In his review of my book "Tranquillity Initiative" - which he called a "good read" (with) a really good "reveal" at the end." Jon Steel took issue with my villains as a little too much "baby killers" although he said they worked the plot along. Actually the plot wouldn't work without them, but that brings me to a chapter in my forthcoming book "What Car Would Hamlet Drive: 2000 Questions To Ask Fictional Characters."
In my fiction writing, I write in the thriller genre. In this genre it is imperative that my hero be kept in a state of immanent peril.
In "Hamlet's Car," I pose the idea that "your hero is defined by your villain." If the villain isn't strong and truly threatening, then it's hard to see your hero as truly brave or in danger. The only way to make your villain truly threatening is to have him (or them) do really bad things to other people - kill, main, torture, rape - so that when your hero faces his nemesis - or a collection of nemesis allies (villains usually have supporters or employees who are equally bad) - you fear for the hero because you understand what the villain is capable of.
During the time I was finishing the writing of "Tranquillity Initiative" I had a conversation with a woman I had known in Vermont. Her husband had returned from Iraq a very damaged man. For months he had terrorized his wife and children, keeping them virtual prisoners in their house in order to protect them from attack. "The army turned my husband into a killer," she told me. "Then they sent him home without bothering to turn him back into a civilian." I thought that was very interesting and it bore out some of my character theories.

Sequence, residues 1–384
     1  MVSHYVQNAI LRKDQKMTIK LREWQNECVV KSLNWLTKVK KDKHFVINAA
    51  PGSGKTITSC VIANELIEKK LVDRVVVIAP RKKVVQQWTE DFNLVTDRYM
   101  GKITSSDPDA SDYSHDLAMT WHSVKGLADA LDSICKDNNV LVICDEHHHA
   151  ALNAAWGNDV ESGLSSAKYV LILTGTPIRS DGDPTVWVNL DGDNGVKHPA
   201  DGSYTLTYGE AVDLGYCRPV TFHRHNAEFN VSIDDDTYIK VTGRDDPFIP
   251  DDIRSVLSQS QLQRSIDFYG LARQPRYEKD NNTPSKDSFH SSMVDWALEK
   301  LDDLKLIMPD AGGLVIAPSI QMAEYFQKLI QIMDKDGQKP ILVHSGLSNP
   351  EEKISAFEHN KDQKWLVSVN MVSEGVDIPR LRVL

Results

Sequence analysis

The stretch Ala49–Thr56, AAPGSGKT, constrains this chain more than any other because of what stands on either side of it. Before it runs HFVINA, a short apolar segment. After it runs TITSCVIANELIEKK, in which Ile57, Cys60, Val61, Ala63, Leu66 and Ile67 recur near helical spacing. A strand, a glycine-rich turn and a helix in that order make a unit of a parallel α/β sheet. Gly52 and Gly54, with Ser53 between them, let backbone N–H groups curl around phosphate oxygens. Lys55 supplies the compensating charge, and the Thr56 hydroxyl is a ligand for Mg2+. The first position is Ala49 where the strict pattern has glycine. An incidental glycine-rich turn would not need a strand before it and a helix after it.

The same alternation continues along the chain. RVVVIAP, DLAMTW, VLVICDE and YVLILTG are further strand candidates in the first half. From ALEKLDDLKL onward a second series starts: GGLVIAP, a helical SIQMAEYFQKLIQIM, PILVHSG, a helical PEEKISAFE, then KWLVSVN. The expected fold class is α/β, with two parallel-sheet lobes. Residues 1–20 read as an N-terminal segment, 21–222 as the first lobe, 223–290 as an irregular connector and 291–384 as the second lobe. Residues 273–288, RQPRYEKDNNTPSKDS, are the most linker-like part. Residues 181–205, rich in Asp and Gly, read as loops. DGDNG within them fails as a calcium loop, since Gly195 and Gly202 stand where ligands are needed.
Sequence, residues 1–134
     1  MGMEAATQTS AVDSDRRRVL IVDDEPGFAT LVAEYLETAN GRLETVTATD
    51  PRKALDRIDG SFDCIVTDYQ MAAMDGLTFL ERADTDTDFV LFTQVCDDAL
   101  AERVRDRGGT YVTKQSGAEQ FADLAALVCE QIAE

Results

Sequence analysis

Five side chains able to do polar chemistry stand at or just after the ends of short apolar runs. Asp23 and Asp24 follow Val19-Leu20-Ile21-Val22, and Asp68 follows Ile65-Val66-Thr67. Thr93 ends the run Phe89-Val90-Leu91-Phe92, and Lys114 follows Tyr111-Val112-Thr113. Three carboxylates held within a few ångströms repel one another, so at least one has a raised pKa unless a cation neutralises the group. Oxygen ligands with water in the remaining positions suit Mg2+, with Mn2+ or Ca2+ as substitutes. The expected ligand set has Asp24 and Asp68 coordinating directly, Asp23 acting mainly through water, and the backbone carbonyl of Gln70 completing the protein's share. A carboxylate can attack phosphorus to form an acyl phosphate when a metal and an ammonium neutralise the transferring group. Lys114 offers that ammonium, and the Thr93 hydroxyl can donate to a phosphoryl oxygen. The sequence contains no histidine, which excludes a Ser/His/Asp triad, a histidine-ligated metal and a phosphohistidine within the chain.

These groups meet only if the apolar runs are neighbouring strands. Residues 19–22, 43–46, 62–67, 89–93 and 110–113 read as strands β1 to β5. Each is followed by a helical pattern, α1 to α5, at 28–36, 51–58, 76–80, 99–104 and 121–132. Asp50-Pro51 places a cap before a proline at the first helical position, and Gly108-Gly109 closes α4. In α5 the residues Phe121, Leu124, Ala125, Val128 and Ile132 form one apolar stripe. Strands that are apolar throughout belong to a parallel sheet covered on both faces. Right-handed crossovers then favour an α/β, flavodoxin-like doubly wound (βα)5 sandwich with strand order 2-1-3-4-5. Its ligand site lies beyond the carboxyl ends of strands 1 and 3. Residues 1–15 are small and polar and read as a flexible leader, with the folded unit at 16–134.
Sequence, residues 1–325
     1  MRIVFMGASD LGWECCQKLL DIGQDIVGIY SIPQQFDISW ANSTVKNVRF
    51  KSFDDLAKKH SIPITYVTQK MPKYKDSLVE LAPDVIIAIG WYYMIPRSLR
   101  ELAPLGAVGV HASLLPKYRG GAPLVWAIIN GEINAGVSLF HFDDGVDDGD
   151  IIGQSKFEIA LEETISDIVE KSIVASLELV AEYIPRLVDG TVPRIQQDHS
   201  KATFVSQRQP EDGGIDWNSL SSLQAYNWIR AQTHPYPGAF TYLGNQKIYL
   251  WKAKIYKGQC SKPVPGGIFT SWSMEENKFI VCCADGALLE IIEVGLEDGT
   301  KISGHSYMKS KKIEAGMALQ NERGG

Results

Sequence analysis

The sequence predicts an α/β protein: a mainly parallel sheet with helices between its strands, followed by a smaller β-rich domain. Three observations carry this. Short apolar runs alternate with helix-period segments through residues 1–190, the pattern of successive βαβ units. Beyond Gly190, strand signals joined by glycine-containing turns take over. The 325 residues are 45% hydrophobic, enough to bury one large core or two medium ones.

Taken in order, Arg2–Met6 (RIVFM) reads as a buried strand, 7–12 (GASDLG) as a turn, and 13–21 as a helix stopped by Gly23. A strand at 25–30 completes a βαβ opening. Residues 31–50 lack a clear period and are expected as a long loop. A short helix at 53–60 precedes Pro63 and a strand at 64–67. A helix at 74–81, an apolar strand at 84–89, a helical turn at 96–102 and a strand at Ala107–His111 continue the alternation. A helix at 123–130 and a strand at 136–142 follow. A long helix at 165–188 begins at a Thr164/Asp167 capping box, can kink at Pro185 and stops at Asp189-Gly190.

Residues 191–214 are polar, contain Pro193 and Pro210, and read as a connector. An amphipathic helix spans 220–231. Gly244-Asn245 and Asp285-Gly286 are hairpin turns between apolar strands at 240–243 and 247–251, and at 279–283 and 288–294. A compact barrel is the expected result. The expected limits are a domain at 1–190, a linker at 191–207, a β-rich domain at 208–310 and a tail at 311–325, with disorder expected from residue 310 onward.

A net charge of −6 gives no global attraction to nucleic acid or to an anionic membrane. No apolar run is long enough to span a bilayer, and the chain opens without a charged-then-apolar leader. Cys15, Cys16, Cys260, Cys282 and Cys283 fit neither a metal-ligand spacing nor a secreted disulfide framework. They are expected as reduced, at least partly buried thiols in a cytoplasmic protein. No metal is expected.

In "Tranquillity Initiative" I needed a second stream of villains (the "baby killers") because I had seriously weakened the terrorists by giving them anthrax when they released the disease into the population. Besides which, I had made the terrorists somewhat sympathetic because I motivated them by having their families killed - "Digging through the rubble of what had remained of their homes until they had torn off their fingernails." Of course the terrorists were terrorists and behaved like terrorists but their mission was not to attack the hero, it was to attack the population of New York. So the baby killers were needed to attack the hero.
Writing is such an interesting activity - It is a never ending array of problem solving. I love doing it, learning about it, picking it apart and talking about it.
I'm grateful for Jon Steel's very interesting review. I learned from it. I look forward to the rest of the reviews that are scheduled to arrive over the next weeks and months.